This term we have been given various choices for different specialist workshops on a Tuesday. I chose to partake in the wood workshop as it was a furniture making workshop where we were to lean how to make a table with curved legs, which required complex 3D cutting on the bandsaw, alongside a mortise and tenon joint which is just about the most common joint in furniture and is incredibly strong, therefore making it a very useful joint to know. The style of furniture that usually uses this type of chair leg is very decorative which isn’t really my style, however I figured it would be useful to learn the techniques, especially the joinery.
Half the trick with furniture making and joinery is getting the marking right at the start and then accurately following your markings on the machines. So we began by using a template for the curve of the leg to mark onto our wood. In order to achieve the 3D curve of the leg one needed to mark this shape on two faces; the face and the face edge. Once this was complete you needed to mark out the mortise which is the groove which the tenon then fits into. One needed to make sure that you marked these two grooves on the right side of the legs so the leg curved outwards, the right way rather than curved in the incorrect direction. Once this was complete we needed to cut the mortise, using the mortiser machine. This is quite a straightforward machine which cuts square holes instead of circular ones, and is controlled a bit like a engineering lath; via a series of handles. This need to be completed first so that the piece of wood lies flat and provides a steady surface to cut into, whereas once you have cut the leg shape on the bandsaw the legs is curved so will no longer lie flat.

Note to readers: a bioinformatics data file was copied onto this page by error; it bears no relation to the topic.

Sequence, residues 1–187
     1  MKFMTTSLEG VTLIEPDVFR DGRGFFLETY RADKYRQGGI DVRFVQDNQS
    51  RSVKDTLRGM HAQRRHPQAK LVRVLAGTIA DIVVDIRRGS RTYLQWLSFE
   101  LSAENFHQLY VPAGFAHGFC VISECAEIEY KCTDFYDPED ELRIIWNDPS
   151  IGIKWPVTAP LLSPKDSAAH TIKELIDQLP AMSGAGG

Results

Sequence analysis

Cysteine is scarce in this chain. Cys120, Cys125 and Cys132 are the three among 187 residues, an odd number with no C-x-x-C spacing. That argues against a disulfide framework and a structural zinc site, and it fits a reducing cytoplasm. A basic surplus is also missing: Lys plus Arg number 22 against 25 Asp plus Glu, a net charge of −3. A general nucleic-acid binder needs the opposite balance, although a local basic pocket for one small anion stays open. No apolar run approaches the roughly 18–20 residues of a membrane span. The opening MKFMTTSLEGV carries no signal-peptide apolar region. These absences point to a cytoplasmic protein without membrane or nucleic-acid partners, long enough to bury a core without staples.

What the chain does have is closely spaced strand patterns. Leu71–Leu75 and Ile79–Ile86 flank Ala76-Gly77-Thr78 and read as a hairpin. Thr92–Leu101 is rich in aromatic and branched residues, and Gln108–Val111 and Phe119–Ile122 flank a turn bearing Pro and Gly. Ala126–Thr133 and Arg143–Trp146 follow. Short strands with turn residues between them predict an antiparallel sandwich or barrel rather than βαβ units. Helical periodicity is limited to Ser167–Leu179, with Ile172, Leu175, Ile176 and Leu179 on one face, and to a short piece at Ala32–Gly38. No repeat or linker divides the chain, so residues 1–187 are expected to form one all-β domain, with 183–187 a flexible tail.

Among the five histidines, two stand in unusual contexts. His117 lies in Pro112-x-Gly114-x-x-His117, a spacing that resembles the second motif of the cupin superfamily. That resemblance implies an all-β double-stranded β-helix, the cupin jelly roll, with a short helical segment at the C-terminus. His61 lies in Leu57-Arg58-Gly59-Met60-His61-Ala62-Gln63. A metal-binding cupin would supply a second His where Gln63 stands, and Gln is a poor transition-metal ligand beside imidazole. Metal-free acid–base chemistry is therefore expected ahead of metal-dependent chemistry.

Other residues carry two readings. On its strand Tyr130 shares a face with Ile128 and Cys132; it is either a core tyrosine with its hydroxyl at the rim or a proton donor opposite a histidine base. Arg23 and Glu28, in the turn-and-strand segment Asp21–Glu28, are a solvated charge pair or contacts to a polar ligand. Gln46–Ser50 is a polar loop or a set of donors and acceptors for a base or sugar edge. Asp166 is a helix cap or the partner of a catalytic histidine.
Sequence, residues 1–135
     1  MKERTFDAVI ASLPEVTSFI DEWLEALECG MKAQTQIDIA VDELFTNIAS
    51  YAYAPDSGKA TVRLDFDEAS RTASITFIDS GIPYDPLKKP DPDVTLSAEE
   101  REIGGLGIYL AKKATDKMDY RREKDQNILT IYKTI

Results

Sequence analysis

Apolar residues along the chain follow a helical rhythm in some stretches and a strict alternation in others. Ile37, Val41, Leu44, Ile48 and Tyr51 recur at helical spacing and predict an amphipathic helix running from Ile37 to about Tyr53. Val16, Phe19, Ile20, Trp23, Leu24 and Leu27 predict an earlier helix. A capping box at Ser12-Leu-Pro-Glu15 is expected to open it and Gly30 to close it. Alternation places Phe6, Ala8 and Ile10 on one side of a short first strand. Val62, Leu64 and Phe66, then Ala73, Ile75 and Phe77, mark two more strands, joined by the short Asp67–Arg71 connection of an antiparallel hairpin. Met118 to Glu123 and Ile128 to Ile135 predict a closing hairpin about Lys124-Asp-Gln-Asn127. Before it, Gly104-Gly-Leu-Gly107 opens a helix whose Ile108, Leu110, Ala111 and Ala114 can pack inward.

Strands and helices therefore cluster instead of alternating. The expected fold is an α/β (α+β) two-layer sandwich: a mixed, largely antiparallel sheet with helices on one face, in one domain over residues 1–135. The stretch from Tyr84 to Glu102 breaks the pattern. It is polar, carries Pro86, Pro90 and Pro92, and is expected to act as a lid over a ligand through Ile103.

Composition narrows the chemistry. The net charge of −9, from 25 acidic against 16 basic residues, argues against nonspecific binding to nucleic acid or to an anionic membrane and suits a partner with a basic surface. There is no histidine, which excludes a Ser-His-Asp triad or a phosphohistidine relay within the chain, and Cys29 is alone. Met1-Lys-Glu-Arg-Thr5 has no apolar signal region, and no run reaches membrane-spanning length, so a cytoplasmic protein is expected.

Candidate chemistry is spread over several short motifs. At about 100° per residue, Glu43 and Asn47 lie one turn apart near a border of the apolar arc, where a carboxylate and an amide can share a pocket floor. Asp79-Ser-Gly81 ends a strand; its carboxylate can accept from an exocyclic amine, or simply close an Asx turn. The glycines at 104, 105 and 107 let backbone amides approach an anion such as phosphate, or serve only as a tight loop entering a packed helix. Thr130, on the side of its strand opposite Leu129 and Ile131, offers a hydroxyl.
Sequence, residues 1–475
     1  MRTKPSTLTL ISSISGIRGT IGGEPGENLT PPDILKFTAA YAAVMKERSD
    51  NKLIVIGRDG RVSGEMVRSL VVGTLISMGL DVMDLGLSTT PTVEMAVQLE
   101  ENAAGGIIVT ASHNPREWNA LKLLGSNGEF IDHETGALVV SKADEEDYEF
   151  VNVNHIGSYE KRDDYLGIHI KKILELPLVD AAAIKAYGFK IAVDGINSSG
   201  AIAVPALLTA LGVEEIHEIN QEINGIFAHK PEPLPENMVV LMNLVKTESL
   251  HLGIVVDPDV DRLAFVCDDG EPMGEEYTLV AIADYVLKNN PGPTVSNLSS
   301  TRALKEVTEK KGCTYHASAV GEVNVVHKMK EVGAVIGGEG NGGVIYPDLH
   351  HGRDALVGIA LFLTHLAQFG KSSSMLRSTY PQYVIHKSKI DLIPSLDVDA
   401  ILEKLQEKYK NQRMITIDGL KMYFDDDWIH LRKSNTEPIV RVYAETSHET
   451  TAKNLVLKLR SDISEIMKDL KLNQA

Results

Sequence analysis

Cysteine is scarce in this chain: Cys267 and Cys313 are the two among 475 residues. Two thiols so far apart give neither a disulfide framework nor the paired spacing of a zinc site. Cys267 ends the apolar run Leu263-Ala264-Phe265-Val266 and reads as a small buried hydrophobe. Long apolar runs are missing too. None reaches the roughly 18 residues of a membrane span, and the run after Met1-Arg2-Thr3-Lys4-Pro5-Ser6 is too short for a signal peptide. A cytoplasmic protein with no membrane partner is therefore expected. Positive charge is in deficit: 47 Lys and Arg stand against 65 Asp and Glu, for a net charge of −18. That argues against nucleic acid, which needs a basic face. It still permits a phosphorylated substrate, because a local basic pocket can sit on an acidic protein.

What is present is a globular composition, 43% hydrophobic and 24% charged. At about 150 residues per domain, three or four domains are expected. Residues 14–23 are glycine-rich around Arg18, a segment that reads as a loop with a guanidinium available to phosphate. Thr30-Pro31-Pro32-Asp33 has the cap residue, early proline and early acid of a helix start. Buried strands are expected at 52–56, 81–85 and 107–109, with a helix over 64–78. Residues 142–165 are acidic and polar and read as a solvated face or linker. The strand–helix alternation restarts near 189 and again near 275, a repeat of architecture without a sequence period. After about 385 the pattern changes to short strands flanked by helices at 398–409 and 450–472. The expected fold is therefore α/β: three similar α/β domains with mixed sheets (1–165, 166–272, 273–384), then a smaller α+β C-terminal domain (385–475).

Once this is complete you can begin cutting on the bandsaw. First you follow the shape drawn onto the face of the wood, then once this is cut, stick back the cut wood like a puzzle using masking tape and then cut the same shape but this time on the face edge. This gives you the 3D curve. This will then need sanding on the bobbin sander which is design to cut curves to even out the shape. After this you will also need to go over it with hand sand paper to even out any smaller bumps.
Below you can see the legs after they have been hand sanded placed on top of what will be part of the table top, which you can see gluing in some of the images above.
The following week we cut the tenon to complete the mortise and tenon joint. It needed to match the mortise groove, fitting in snugly so once again there was some careful marking out required and then careful cutting with the bandsaw. This was particularly difficult because every joint was different and the bandsaw didn’t always cut in a straight line so not all my joints were sound and it took a lot longer than I expected to get it right. You also needed to sand a 45 degree angle on the end of the tenon, so when the tenons met in the mortise grove, they fully slotted in, not obscuring each other. We also cut a pattern in the horizontal piece of wood with the tenon’s on the end, which would be what will hold the table on top. This was purely for decorative reasons to go along with this style of furniture.
Below you can see the structure roughly fitted together. I am quite pleased with how it has turned out so far and I think the curves work nicely.